A special needs trust is designed to provide a person with a disability the funds to enhance her quality of life while at the same time allowing her to remain eligible for needs-based public benefits. Government programs like Medicaid and Supplemental Security Income (SSI) provide essentials, such as medical care, food, clothing and shelter. Special needs trusts are intended to supplement, not replace, this kind of basic support. Such trusts pay for anything the trust document provides for, including comforts and luxuries that meager public assistance funds don't cover, hence the term “special needs.”
But what are these special needs? A special needs trust has been likened to a “parent's pocket” — that is, it pays for the kinds of things that a parent would just reach into his or her pocket to cover.
These trusts typically pay for things like education, recreation, counseling, and medical attention beyond the simple necessities of life.
Here are some examples of expenses that a special needs trust might cover:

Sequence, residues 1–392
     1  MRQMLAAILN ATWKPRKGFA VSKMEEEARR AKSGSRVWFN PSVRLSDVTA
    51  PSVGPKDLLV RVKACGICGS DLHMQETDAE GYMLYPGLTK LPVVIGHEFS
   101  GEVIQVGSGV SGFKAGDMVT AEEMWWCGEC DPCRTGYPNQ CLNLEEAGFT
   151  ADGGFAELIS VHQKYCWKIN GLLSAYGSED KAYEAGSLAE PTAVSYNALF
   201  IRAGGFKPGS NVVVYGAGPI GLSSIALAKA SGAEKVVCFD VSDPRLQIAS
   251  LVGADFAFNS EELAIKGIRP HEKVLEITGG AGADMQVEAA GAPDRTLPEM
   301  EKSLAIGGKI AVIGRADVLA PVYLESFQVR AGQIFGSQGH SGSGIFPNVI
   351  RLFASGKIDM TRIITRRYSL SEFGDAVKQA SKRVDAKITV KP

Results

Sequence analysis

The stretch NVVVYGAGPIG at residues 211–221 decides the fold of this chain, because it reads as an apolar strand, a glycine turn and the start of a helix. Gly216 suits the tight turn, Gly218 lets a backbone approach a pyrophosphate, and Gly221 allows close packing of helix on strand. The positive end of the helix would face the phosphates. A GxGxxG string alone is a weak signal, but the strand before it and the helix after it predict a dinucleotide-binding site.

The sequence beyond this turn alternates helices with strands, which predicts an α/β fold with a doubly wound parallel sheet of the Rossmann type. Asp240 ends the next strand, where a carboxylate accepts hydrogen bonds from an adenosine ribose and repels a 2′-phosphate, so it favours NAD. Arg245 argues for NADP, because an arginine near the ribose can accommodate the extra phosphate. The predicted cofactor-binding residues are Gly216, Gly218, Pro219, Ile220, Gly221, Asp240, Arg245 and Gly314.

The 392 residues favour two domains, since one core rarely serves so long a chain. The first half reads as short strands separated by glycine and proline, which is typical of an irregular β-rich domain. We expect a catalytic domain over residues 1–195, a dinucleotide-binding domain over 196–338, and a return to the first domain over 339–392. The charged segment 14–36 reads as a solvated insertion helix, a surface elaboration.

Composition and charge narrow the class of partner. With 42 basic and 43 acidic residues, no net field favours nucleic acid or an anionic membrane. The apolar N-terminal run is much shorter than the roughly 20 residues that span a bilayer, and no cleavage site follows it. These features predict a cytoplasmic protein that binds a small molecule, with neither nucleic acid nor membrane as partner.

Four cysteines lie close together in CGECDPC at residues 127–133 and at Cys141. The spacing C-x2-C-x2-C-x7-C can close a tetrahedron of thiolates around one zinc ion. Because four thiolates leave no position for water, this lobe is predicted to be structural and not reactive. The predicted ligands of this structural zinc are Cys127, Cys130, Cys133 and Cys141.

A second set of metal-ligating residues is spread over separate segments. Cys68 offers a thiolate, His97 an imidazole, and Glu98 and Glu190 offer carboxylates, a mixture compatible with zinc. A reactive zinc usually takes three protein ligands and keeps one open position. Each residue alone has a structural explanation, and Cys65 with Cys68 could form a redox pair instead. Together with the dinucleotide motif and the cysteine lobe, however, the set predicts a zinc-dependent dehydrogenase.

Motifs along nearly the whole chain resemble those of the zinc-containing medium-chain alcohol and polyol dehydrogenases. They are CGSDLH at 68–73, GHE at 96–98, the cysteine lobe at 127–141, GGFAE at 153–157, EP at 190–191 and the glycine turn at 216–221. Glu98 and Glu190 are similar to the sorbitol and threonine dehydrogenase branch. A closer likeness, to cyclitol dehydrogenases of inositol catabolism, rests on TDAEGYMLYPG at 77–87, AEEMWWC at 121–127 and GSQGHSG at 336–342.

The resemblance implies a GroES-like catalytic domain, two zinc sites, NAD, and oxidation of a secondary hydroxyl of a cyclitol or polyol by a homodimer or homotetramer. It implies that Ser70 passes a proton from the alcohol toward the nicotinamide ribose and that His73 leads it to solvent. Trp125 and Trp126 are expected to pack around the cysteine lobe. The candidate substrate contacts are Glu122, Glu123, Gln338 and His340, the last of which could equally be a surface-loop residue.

- Medical and dental expenses not covered elsewhere
- Special equipment like wheelchairs or specially-equipped vans
- Therapy or rehabilitation services
- Training and education
- Travel, which can include the cost of a companion
- Recreation and entertainment (summer camp, movies or social events, videos, sports equipment)
- Electronic equipment and appliances, computers
- Payments for a companion
- Legal or guardianship expenses
- Burial expenses
And here are some things a special needs trust can spend money on that you may not have thought of:
- a car
- a ride share membership (Uber, Lyft, etc.)
- a bus/rail pass
- a vacation
- a home
- help with starting a business
However, there are other things a special needs trust should avoid paying for. Trustees should typically never give an SSI or Medicaid beneficiary cash or a cash equivalent, or pay for food or shelter — at least without first consulting a special needs planner. The trustee, in consultation with the planner, might want to use trust funds for food and shelter if the trustee decides doing so is in the trust beneficiary's best interest despite a possible loss or reduction in public assistance.
Once you have taken cash, housing and food off the table, however, a special needs trust can typically pay for most other things a beneficiary might need to supplement his lifestyle. But because these rules are very complicated, it is always best to sit down with your special needs planner to discuss what you intend to do with your trust before making any payments to anyone.